Mist hovers like a veil, caught between a blue cloudless sky and jagged rocks of the landscape below. Colors of rust, yellow, and green make up the northern spur of the Drakensberg Mountain range and as the heat of the dawning day begins to rise, so does the white halo; leaving in its stead a panorama so gorgeous it has been named God’s View.
The range is a stunning and natural gateway to one of South Africa’s premiere destinations; nothing could be more fitting to enhance the anticipation.
In 1926 South Africa realized the need for the protection of large swaths of land and the wildlife contained within, so established the first of its national parks. This park has grown to become the most famous in the country. Any visitor is almost guaranteed an uninterrupted view of four of the “Big Five” along with many more magnificent creatures that roam the 7,580 square miles of savanna.
Kruger National Park is currently one of the largest game reserves on the African continent. To the north is Zimbabwe, to the east is Mozambique, and to the south is Swaziland.
Entering the park the first stop is the ranger office. It is here that you are officially welcomed, introduced to the park rules, recited the safety guidelines necessary for a healthy exit, and then regaled with stories about those who had not heeded these warnings.
These stories include some I have since been able to verify as true and some which fit more into the realm of urban legend. Never-the-less both types are equally as effective in garnering attention; photographs help etch these lessons into your psyche.
In January, which is the time of year now, young bull elephants get feisty. They are teenagers and hormones, like in any teenager, are on a rampage. Mix that with alcohol and you have a concoction with potentially humorous but sometimes disastrous effects.
It is also in this month that the Marula Tree bears fruit and upon being fully ripened, they drop to the ground. Once there, the green fleshy fruit begins to ferment in the heat and turns into a source of alcohol.
Young bulls eat the fruit and can become either enamored or aggressive. Neither of which bode well for tourists in a compact rental that could easily look like scratching post to a cross-eyed intoxicated elephant.
The best option for all concerned is that the hangover turns into a sleepover.
Another story told to us to further emphasize a warning about leaving your vehicle was about a Japanese man who had set up his video camera on the hood of his car when he spotted a pride of lions several hundred yards away.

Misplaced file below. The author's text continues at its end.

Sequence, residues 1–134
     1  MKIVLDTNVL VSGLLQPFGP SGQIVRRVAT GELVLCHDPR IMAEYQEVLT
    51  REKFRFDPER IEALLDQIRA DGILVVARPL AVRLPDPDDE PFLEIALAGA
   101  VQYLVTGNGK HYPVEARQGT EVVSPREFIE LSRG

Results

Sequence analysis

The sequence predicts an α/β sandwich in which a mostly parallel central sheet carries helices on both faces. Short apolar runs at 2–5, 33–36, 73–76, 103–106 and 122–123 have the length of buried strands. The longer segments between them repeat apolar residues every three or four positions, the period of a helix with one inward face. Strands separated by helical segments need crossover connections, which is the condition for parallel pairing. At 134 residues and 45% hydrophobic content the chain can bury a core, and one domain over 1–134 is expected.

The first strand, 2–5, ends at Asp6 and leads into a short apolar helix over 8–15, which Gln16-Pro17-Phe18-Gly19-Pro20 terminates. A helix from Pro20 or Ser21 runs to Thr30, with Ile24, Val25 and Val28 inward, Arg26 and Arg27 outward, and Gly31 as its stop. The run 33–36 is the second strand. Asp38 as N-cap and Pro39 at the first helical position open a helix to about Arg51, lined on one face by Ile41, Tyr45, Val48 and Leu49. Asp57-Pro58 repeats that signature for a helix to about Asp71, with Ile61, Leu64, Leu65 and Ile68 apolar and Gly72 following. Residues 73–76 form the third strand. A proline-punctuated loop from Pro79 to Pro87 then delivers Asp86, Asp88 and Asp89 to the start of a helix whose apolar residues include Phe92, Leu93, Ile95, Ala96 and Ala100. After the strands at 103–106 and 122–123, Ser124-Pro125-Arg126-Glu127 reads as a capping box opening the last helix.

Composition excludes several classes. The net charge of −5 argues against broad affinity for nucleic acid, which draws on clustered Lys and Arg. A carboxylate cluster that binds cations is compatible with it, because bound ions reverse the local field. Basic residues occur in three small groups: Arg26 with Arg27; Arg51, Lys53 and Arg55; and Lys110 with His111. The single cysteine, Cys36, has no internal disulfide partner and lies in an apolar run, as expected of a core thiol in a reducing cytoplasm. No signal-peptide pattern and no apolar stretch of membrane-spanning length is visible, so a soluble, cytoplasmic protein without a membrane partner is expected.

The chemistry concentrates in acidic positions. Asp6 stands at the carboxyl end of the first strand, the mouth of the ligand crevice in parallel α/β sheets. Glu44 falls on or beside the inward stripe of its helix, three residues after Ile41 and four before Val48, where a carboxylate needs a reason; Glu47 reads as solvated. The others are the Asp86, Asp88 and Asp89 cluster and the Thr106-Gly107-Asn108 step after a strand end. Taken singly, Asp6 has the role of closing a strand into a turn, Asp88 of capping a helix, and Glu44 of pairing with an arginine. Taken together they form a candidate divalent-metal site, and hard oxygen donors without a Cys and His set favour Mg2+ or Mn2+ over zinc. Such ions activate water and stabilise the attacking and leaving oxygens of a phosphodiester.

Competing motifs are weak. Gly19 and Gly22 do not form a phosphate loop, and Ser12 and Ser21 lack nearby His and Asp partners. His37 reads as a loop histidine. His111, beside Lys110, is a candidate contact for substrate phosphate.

The video recorder was focused on the lions.
He then took a wide berth and flanked the pride; eventually coming into focus behind them. He then began waving at the camera with both hands. This attracted the attention of the lions who attacked and killed him.
When the rangers got to the scene the camera had recorded the event in all its gore.
For many years in the 1990’s civil war rocked the country bordering Kruger to the east. Because of this, many had fled Mozambique; deciding to take their chances for a better more peaceful existence by crossing Kruger National Park in order to enter South Africa. This created a rash of lions becoming man-eaters. It is not known exactly how many refugees were killed in this way but according to some it is “a horrifyingly large number”.
Even though the civil war in Mozambique is over, and by all accounts the man-eaters of that time have all been killed, many people continue to make the deadly crossing in search of a better life.
The man-eating lion problem in Kruger persists.
I have since found out that even though this is a real issue the problem exists mainly along the border where desperate immigrants attempt the first stage of their crossing.
These were some of the stories told by the rangers. I have been able to find clear evidence for two of them, the third one regarding the Japanese man may be more legend and scare tactic than fact.
With all that said and out-of-the-way it is time to head into the park. The beauty of Kruger juxtaposed to the stories increases the adrenalin and anticipation of the adventure.
Protected within a jeep and alongside a ranger guide with a rifle it is still easy to feel the energy and excitement of the wild.
When night falls it is even more so. Knowing that right over the fence a few feet from where you lay in a pup tent is the African wilderness; nocturnal predators roam.
On my second night I went out with a guide beyond the camps enclosure. To say it was fascinating would be an understatement. In the pitch blackness we would see animals courtesy of our spotlight; this was a privilege, I had no doubt, to be allowed access into a world so unfamiliar.
At other times we would see shadows; the imagination would kick into high gear…what was it? Is it still there? Predator or not? But the real cause of awe, the reason veins pump with more volume than normal are the sounds of darkness. The cries in the jungle, the screams, the calls, the escape, the capture, the kill.
It is a completely unfamiliar and unfathomable feeling to be that of potential prey and I began to think what must go through the mind of an antelope. You’re just out there eating grass and next second a predator is trying to eat you.
I couldn’t imagine a more profound safari experience than the one I had on this pitch black January night…I was wrong.